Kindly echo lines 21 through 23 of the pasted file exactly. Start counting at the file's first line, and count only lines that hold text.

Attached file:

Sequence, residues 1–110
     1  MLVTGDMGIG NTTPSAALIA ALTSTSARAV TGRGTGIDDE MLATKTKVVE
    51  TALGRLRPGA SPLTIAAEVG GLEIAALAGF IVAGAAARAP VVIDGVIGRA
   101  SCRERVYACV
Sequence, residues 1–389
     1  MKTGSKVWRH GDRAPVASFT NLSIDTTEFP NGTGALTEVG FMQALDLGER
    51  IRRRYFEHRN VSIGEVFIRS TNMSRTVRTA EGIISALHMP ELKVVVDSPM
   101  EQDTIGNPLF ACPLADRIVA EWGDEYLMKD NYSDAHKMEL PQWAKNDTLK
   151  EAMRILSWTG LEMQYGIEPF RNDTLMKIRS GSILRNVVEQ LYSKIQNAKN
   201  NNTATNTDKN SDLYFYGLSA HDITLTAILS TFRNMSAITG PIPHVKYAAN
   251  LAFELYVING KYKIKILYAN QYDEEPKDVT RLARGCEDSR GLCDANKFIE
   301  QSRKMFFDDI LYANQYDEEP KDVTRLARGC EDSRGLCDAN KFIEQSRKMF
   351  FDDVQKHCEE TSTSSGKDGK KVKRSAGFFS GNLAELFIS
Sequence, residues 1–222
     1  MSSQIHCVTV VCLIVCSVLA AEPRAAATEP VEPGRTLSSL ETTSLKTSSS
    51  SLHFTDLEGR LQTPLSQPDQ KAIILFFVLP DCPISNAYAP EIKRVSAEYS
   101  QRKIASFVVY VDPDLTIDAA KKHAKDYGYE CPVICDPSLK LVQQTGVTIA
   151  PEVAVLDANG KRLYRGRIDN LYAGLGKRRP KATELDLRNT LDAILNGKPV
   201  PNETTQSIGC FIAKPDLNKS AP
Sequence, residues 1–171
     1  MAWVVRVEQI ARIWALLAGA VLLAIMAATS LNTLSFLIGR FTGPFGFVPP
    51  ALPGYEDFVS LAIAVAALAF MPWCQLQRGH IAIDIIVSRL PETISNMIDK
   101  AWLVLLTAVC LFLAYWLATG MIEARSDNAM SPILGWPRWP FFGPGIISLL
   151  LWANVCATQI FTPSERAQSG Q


     1  MAWVVRVEQI ARIWALLAGA VLLAIMAATS LNTLSFLIGR FTGPFGFVPP
    51  ALPGYEDFVS LAIAVAALAF MPWCQLQRGH IAIDIIVSRL PETISNMIDK
   101  AWLVLLTAVC LFLAYWLATG MIEARSDNAM SPILGWPRWP FFGPGIISLL